Musical Chairs – Pac-12 Edition

Colorado did it last week.  Don’t be surprised if Oregon is next.

By exiting my newly re-named Pack-12® Conference, the Colorado Buffaloes will mosey eastward across the plains into the Midwest to compete once again in the Big 12 Conference.

Colorado joined the original Big Eight Conference in 1947.  That conference morphed into the Big 12 in 1996.

In 2011, the Buffaloes stampeded westward to join the Pac-12 Conference.  The Buffs were expected to become a competitive force in their new athletics conference.   After a dozen years playing against the West Coast universities, CU has languished in relative mediocrity in most major sports.

The Pac-12 teams are not significantly better than Colorado’s former Big 12 Conference foes.

The Buffaloes would have been bottom feeders in most every major conference in America over the past decade.  The school’s athletics department has been a major disappointment and deserves the blame of loyal sports fans of the university.

This spring, new hope for the CU football team arrived with the announcement of former NFL Hall-of-Famer Deion Sanders as the new head coach.  “Coach Prime” jumped into college coaching at Jackson State University a couple of years ago and turned around that program almost immediately.

His challenge at Colorado will be as high as the Rockies.

Deion Sanders is bringing some much needed excitement to Boulder after his arrival.  His new contact (worth about $5 ½ million per season) has already paid for itself with skyrocketing demand for season tickets.

The football team hosted nearly 50,000 fans for its annual spring exhibition game a few months ago.  The previous spring football game record crowd in Boulder was just 17,800.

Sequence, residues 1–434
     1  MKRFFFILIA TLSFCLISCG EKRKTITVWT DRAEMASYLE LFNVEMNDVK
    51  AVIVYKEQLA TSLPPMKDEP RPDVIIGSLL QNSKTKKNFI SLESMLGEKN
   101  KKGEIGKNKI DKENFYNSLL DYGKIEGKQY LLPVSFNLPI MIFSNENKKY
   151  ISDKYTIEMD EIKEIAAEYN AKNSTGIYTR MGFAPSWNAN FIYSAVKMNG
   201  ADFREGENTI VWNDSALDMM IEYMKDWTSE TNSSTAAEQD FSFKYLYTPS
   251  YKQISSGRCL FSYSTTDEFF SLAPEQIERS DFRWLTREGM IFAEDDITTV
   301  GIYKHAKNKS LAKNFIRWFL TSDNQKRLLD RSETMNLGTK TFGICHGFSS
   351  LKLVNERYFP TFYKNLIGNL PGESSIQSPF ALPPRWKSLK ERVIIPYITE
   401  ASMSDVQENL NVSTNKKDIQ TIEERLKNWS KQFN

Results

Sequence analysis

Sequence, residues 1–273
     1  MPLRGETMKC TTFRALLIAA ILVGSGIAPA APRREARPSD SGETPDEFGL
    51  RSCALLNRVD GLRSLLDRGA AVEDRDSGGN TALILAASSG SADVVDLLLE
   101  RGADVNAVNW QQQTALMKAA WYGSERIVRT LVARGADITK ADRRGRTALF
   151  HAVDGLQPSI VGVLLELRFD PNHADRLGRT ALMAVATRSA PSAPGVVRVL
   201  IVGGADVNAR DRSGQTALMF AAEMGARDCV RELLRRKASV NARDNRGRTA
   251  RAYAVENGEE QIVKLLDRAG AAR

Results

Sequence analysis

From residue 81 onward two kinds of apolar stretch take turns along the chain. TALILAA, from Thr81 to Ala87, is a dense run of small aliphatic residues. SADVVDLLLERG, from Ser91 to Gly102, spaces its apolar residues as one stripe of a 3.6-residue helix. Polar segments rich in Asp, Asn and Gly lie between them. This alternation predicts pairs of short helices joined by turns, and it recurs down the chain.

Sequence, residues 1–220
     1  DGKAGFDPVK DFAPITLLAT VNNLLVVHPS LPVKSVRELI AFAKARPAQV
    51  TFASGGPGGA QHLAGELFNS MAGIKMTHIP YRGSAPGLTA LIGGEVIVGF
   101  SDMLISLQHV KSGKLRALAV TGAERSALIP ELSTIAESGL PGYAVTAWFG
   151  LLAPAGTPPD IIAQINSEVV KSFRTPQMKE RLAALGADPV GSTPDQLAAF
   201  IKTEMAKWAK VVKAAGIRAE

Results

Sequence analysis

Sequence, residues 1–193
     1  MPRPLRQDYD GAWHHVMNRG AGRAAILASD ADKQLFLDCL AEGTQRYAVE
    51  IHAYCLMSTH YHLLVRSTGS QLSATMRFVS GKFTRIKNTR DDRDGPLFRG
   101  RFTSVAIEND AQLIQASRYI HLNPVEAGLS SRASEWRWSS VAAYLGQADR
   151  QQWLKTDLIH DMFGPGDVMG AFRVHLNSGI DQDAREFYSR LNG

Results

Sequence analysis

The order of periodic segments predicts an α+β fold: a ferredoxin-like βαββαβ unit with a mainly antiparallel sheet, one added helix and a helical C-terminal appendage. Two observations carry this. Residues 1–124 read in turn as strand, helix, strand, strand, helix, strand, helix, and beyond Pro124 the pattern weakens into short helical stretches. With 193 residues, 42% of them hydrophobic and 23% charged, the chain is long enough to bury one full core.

Season ticket sales for Colorado’s 2023 home football schedule sold out – in April.  After seeing only one winning season on the football field since 2006, Colorado Buffaloes fans are starved for some success.

If Coach Deion Sanders can deliver a winning season to Boulder within his first two years as the team’s head coach, his legend as a coaching Pied Piper will grow.

So, why is Colorado bolting for the Big 12 Conference in 2024?

Colorado’s decision seems to be motivated by a combination of logistics and, of course, money.

The geography problem with forcing the Buffaloes to play West Coast schools was flawed from the start.  They were the only Pac-12 Conference team located east of the Rocky Mountains.  The athletic teams had to travel more than 1,000 miles across the Rockies to play competitors located in California, Oregon, and Washington.

By moving back into the Big 12 Conference, the Buffs’ road trips will no longer involve traversing the Rocky Mountains and, for the most part, be a little shorter for its athletic teams.

Then there’s the money.

The Big 12 Conference scored a long-term lucrative TV deal ($2.3 billion over six years) with ESPN and Fox through 2031.  With the University of Texas (Austin is the #47 TV market) and the Oklahoma Sooners (OKC is #45) departing the Big 12 for the SEC in 2024, the Big 12 Conference has effectively replaced them by adding the #18 TV market in Denver/Boulder, Colorado.

The Big 12 and Colorado are going to benefit from this reunion.

How will the Pac-12 (Minus 3) Conference respond?

For almost a full year, the Pac-12 Conference has been telling everyone that they are in the process of negotiating a new television deal.  We are still waiting.

This potential deal then took a brutal hit after both USC and UCLA announced that they were leaving for the Big Ten Conference in 2024. With those two nationally known schools leaving the Pac-12, the league lost the important Los Angeles television market (#2 in the US) with more than ten million TV viewers.

Last week, Colorado (and its #18 TV market) joined the eastward exodus.

The Pack-12 has been reduced to the Not-Quite-Packed-Yet 9.  This wounded West Coast conference still retains several prized television markets which advertisers covet.

As of this writing, the #6 TV market San Francisco (University of California-Berkeley), #12 Phoenix (Arizona State), and #14 Seattle (Univ. of Washington) remain part of this nine team athletics conference.